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But one of the most compelling arguments of all is that this group of Russian hikers crossed paths with a group of aliens who did not want to be discovered. According to eye witness account from the residents of a nearby town, strange orange spheres were seen floating in the sky just above where the remains were found. This theory is fueled by the injuries discovered on Dubinina and Zolotarev. Although chest fractures of the magnitude discovered on their bodies could be attributed by an avalanche, the lack of external injury and the fact that the area was not prone to such activity indicates that some other means or perhaps other-worldly weapon had to be used. And why was Dubinina, missing her eyes, tongue, and lips? Perhaps they were taken as trophies or as part of an extraterrestrial research project. This controversial theory is further fueled by investigators who claim that the hikers skin was unusually tan and that their clothing was found to be highly radioactive. Other reports claim to have found large amounts of unusual scrap metal that has since been removed by the Russian military.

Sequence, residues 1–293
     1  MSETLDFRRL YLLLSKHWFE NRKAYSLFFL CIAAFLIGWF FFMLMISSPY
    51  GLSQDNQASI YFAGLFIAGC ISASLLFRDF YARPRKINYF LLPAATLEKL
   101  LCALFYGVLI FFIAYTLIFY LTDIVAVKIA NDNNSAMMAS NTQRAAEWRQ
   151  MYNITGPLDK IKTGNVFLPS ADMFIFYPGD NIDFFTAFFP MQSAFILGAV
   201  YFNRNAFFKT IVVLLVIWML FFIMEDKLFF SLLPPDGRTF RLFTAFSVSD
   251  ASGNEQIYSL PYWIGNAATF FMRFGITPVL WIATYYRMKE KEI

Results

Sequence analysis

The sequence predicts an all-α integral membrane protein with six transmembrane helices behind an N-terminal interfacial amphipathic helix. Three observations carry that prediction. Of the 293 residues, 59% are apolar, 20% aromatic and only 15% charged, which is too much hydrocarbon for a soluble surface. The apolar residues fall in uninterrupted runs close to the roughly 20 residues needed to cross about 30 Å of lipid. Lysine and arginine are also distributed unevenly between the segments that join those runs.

What ever happened that night will likely remain a mystery. However, what is known is that nine fearless hikers set out during a Russian winter to conquer a mountain, but were sent running in fear from their tents in the middle of the night. They ran out with barely enough clothing to survive the elements and were found dead several days later exhibiting not only hypothermia but strange unexplainable injuries. Thousands of people make the same daring trek every year, some to challenge themselves just as Dyatlov’s crew did and some to seek answers to this unexplained mystery. Out of respect for these lost souls, the pass they were found in was renamed the Dyatlov Pass after the expeditions leader, Igor Alekseievich Dyatlov.